|Publication number||US4716350 A|
|Application number||US 06/939,377|
|Publication date||Dec 29, 1987|
|Filing date||Dec 8, 1986|
|Priority date||Dec 8, 1986|
|Publication number||06939377, 939377, US 4716350 A, US 4716350A, US-A-4716350, US4716350 A, US4716350A|
|Inventors||Bernard Huang, Veljko Milenkovic|
|Original Assignee||Ford Motor Company|
|Export Citation||BiBTeX, EndNote, RefMan|
|Patent Citations (9), Referenced by (23), Classifications (17), Legal Events (5)|
|External Links: USPTO, USPTO Assignment, Espacenet|
1. Field of the Invention
This invention relates to the field of control systems for industrial robots and, more particularly, pertains to control systems that guide the movement of a tool held by a robot arm along a predetermined path.
2. Background of the Invention
In the wrist mechanism of an industrial robot, among all possible combinations of mechanisms having as many as three joints whose axes are mutually perpendicular or parallel, only those whose consecutive joints are mutually perpendicular can produce as many rotational degrees of freedom as the number of joints in the mechanism. However, three-axis wrist mechanisms have certain mechanical limitations, kinematic anomolies called by "gimbal lock", which deteriorate the performance of the wrist is a region within the working envelope. When the third axis of the wrist becomes parallel to the first axis, gimbal lock occurs. This condition causes the wrist mechanism to loose one degree of freedom. To overcome these limitations, some robots use either oblique chain or compound chain linkages, wherein the articulation occurs other than with rotary or sliding joints or by connecting the links to two or more other links.
An effective design that eliminates wrist anomolies divides the total pitch and yaw articulations into several smaller parts. A wrist employing this technique uses more than three rotary joints suitably constrained to result in no more than three overall degrees of freedom. The articulation of individual joints is reduced, although the range of overall articulation may be increased.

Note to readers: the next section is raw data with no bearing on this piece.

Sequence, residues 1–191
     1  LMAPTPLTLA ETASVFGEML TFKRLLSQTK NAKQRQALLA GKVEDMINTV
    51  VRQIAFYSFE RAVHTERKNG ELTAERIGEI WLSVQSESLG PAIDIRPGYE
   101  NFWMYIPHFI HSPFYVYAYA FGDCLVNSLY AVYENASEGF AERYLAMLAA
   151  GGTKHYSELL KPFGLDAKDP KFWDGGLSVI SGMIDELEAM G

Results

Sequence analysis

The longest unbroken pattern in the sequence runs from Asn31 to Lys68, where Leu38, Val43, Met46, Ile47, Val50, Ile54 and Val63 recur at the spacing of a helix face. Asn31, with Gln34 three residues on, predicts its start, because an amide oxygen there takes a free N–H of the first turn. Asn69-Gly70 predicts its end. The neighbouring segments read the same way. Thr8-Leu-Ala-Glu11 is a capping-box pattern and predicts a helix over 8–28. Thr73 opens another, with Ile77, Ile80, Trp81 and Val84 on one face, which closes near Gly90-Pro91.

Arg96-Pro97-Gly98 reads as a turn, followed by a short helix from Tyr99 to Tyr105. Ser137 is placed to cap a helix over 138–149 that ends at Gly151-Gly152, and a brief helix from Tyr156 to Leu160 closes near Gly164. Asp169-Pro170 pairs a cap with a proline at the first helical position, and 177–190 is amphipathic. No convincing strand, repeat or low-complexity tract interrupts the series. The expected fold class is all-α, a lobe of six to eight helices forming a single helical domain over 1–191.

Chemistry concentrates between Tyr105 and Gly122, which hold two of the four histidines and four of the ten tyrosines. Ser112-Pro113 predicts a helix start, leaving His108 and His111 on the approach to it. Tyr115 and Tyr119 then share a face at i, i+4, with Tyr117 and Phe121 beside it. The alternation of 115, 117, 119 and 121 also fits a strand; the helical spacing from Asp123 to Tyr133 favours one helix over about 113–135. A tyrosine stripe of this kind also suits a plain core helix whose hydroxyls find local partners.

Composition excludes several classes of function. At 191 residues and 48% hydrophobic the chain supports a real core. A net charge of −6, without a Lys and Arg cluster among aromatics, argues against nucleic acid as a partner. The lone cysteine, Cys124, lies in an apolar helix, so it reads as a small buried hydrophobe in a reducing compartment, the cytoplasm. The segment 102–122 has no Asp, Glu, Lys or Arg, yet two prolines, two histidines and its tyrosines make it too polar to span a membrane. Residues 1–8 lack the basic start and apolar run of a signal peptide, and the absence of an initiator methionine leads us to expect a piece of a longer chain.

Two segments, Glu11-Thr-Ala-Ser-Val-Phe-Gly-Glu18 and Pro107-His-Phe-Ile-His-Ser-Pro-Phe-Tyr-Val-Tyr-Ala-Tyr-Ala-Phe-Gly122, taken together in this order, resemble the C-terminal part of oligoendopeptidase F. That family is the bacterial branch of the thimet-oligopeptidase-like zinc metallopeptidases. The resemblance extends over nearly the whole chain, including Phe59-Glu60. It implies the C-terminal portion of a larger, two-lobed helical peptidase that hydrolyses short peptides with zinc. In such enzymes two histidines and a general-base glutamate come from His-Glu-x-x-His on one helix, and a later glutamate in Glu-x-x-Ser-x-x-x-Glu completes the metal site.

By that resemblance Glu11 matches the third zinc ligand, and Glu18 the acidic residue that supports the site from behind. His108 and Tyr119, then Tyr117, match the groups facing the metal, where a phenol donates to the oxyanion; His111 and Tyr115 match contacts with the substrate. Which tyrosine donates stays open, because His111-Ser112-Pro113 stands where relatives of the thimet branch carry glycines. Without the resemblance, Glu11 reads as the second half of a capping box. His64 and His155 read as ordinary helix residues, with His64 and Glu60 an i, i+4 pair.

Three-axis robot wrist mechanisms exhibit singularities which restrict their mobility at certain orientations of the end-effector or tool carried by the robot arm. Near singularities, the rotational speeds about certain axes of the wrist mechanism rise to very high speeds to achieve the desired motion of the tool. Often the required speed of rotation about the wrist mechanism axes exceeds the design limits. The speed of the tool may have to be reduced greatly until it passes the region of the singularity, but this is generally unacceptable because either the application requires smooth continuous motion or the period for the operation performed by the robot becomes too long.
One way to resolve the singularity problem in a wrist mechanism is to alter the end-effector orientation slightly in the region of the singularity. The largest angular change between the actual orientation and planned orientation depends on the ratio of the maximum rated angular speed of the wrist axes to the desired rotational speed component of the end-effector in the region of the singularity. It is desirable that this angle be within the range 10°-20° for most industrial robot wrists. The method according to this invention compares the allowable rotational speed of the axes of the wrist to the planned rotational speed and alters the orientation path of the end-effector accordingly without altering the translational motion of the center point of the tool.
Generally, a path defined by consecutive points to be followed by the end-effector is generated and the end-effector moves between consecutive points in a constant time interval, but the distance between the points can vary. Whether singularities exist in the path can be determined by examining the amount of rotation that occurs about each axis of the wrist mechanism as the end-effector moves along the path. As the path approaches a singular region, the speeds of some axes begin to approach the allowable rated speed, which is usually determined by the manufacturer of the robot. In the immediate region of the singularity, the allowable speeds are exceeded by the actual actual speeds of rotation about the axis of the wrist mechanism.